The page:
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The sidewalk ends in a lot of places in Missoula, and so do curbs and gutters.

This summer, a city intern is going to identify all those locations so neighborhood leaders and others will know where the gaps are.

"Currently, the city doesn't have that kind of detail, so it's a really good start," said LaNette Diaz, neighborhood liaison with the Office of Neighborhoods.

An $1,800 grant from the office funds the project, and more grant money is available. This one came about because folks in the Franklin to the Fort Neighborhood applied. The Missoula City Council adopted the Franklin to the Fort's infrastructure plan in 2006.

Then those residents came to believe it was a good idea to have a citywide inventory of sidewalks. And identifying gaps is a first step in setting priorities for filling them, Diaz said.

Council members recently had to choose between helping fund sidewalks on Lolo Street or Catlin Street, and after much discussion, they gave Catlin the OK. Diaz said she knows residents of the Rattlesnake have been working hard to improve Lolo Street, but Catlin was listed as a priority in Franklin to the Fort's plan.

And she said when neighbors set priorities, that could help the Public Works Department set them, too.

Director Steve King said the city builds just 50 blocks of sidewalks every year, but the list of streets that aren't "complete streets," with places for cars and walkers and bikers, is long.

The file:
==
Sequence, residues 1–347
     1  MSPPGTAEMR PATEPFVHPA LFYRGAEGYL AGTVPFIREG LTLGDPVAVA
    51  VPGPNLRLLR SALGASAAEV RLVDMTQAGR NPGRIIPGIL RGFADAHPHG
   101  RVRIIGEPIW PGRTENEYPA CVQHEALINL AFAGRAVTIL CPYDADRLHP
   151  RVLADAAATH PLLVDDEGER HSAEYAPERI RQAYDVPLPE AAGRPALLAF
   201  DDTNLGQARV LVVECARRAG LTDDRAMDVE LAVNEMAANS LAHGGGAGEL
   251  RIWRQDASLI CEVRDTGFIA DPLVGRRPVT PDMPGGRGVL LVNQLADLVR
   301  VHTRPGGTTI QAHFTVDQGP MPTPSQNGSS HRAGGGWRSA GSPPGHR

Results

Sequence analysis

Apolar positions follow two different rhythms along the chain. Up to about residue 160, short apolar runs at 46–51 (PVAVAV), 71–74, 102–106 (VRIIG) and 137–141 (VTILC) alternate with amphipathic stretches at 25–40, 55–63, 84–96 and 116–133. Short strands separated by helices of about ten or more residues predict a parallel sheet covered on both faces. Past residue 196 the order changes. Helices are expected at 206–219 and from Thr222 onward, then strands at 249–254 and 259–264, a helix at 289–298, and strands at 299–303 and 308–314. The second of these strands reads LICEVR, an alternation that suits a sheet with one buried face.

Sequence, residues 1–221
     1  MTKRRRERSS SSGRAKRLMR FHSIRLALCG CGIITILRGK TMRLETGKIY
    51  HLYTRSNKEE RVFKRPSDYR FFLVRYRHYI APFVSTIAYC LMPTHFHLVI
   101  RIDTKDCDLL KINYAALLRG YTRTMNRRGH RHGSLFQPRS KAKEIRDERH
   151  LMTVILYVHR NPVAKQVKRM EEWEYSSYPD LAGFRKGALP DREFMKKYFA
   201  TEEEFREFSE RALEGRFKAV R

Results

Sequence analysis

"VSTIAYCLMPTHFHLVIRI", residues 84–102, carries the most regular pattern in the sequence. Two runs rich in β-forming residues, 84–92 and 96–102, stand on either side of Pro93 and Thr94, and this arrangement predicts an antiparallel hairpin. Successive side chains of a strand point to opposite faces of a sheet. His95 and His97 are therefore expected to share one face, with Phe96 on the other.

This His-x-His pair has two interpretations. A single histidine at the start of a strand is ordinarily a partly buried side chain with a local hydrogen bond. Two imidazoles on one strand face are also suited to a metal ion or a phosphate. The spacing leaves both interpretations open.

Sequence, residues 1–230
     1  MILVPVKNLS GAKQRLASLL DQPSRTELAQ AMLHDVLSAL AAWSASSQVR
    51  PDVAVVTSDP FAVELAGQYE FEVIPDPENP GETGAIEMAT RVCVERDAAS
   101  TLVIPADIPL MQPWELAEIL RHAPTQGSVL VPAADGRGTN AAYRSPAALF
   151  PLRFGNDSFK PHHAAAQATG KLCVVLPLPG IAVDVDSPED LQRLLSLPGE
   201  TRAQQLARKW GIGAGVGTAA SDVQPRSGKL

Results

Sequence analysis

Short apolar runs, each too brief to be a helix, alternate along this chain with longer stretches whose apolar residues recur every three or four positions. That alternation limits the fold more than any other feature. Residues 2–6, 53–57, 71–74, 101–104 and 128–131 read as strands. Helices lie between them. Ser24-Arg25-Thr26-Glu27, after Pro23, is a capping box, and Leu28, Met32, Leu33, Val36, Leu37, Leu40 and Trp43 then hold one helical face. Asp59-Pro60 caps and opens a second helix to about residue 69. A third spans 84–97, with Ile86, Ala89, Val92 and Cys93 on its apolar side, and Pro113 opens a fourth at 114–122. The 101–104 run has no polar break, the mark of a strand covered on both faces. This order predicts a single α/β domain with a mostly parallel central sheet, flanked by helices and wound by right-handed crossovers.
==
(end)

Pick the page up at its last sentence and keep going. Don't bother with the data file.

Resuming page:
"I could just go on and on with entire neighborhoods that don't have the most basic curb and sidewalk features," King said.

Mostly, he said, it's because neighborhoods developed when they were still in the county, which didn't require sidewalks with subdivisions.

But finding a way to pay for those improvements is another matter. Last year, the council turned down a long-planned special improvement district, or special tax, along Hillview Way. The big project was going to bring a new road - and things like sidewalks and bike lanes - to the street.

"I'm very sorry the City Council didn't go ahead and go forward with that SID. I believe the costs are simply going to go up and up and delay is not on our side," said Jeff Stevens, a neighborhood leader and Community Forum member.

But many residents also said too few people carried too big a burden of the multimillion-dollar cost. So the project isn't moving forward, but members of the Community Forum, with a representative from every neighborhood, are looking for ways to pay for infrastructure.

Stevens said many ideas are on the table, like an infrastructure bond, and districts, like a parks improvement district. But it's early in the conversation, too.

"I think this process, this community discussion is just getting started," Stevens said.

In the meantime, the Office of Neighborhoods offers $20,000 worth of grants in September for smaller neighborhood projects, Diaz said. The inventory of sidewalks should be complete in time for people to review it before applying for a grant, too.

A maximum award is $3,000, she said. Creating an infrastructure plan costs an estimated $2,000. Diaz is available to help neighbors with project ideas, applying for funds and getting a project under way.

"I just want people to know that the grants exist for neighborhood improvements," she said.

Call for help

Missoula's Office of Neighborhoods stands ready to help citizens who want to apply for grant money to fund neighborhood projects. For more information, contact neighborhood liaison LaNette Diaz at 552-6081.

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